The Brits will be joining US, French and Arab forces in the air strike attack. Hopefully their aim is on point.
British war planes will begin air strikes on Iraq today amid a spiralling political row over whether they should also hit Islamic State fanatics in neighbouring Syria.
Six RAF Tornados are expected to join US, French and Arab air strikes – their first in Iraq for six years – after MPs voted overwhelmingly to go into a third Gulf War.
Warning that the fight to crush IS could last for years, not months, David Cameron told an emergency session of Parliament that as well as murdering Western hostages with ‘staggering brutality’ the group was plotting terrorist attacks in Britain.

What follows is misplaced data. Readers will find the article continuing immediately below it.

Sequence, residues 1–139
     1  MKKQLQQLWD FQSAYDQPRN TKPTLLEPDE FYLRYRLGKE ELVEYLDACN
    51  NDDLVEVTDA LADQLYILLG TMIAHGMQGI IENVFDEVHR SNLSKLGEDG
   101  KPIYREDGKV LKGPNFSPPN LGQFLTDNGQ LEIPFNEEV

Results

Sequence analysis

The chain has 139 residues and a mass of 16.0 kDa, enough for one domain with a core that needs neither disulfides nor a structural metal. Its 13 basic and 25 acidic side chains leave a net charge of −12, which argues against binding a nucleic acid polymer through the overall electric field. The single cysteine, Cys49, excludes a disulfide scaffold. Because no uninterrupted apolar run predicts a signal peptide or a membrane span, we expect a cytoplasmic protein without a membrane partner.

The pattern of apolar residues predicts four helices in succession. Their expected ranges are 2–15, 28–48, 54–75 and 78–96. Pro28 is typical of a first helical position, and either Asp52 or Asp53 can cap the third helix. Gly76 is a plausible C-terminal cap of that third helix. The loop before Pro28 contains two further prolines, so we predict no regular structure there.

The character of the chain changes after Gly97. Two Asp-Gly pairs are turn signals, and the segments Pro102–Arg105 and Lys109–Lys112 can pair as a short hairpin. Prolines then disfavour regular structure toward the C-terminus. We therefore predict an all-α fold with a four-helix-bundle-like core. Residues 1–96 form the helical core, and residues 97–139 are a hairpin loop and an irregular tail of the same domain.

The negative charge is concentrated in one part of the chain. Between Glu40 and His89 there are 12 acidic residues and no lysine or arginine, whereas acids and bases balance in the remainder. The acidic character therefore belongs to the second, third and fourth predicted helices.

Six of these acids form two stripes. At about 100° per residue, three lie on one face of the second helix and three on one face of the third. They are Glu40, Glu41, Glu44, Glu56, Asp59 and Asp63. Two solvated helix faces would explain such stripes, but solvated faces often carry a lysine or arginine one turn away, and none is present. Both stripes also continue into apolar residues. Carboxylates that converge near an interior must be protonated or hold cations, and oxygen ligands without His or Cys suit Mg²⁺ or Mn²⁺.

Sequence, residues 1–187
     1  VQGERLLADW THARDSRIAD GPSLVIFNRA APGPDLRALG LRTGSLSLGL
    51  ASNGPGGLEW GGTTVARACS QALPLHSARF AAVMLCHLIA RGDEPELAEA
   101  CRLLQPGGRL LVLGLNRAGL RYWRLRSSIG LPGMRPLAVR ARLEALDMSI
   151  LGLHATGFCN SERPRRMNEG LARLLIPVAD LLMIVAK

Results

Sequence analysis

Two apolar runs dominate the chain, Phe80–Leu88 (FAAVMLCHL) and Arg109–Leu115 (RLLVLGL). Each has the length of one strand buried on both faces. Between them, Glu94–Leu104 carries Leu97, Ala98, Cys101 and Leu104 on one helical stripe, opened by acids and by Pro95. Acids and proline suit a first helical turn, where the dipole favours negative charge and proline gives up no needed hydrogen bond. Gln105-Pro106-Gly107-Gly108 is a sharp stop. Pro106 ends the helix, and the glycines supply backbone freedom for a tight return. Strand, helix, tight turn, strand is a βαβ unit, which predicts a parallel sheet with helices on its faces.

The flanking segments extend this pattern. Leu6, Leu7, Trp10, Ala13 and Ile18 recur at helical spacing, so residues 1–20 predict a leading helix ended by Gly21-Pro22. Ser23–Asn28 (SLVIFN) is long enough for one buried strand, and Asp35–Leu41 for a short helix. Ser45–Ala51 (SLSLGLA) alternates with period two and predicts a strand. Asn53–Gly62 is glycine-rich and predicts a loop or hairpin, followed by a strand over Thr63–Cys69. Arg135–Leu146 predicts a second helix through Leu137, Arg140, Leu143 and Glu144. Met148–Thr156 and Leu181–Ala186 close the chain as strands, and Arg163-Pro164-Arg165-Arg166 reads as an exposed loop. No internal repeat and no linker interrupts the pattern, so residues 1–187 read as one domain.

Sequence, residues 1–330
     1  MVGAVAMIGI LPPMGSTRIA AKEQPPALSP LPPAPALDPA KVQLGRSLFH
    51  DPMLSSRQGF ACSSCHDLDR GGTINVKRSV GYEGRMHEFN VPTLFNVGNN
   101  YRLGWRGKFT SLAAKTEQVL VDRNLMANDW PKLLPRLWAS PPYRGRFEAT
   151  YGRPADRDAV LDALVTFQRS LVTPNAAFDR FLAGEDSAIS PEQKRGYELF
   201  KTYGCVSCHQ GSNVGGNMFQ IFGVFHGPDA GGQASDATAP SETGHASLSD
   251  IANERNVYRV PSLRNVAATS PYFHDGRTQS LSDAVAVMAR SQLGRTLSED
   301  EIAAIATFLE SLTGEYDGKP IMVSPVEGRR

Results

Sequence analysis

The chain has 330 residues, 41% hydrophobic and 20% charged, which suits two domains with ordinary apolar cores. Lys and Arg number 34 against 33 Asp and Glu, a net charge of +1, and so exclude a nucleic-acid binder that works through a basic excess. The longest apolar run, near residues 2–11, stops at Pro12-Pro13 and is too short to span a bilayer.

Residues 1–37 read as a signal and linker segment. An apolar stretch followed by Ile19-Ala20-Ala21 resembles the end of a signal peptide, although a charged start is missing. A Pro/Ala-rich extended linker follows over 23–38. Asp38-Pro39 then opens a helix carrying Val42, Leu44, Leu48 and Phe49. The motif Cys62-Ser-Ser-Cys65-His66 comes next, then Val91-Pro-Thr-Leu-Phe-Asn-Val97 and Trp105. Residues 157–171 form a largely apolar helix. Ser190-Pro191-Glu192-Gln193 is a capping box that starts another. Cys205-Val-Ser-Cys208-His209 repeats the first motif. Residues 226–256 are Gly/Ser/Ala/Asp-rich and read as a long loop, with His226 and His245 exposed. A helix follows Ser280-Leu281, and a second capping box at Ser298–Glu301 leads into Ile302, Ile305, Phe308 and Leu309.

‘This is about psychopathic terrorists trying to kill us,’ the Prime Minister said. ‘We do have to realise that whether we like it or not, they have already declared war on us.’
MPs authorised military action by 524 votes to 43, one of the biggest Commons majorities since the last general election.
But last night Labour education spokesman Rushanara Ali resigned, saying she could not support air strikes. And defence spokesman Vernon Coaker was forced to sack aide Iain McKenzie for voting against strikes in Iraq.
Mr Cameron said that there was a ‘strong case’ for extending air strikes against IS, also known as ISIL or ISIS, from Iraq into Syria, where it has also seized vast areas.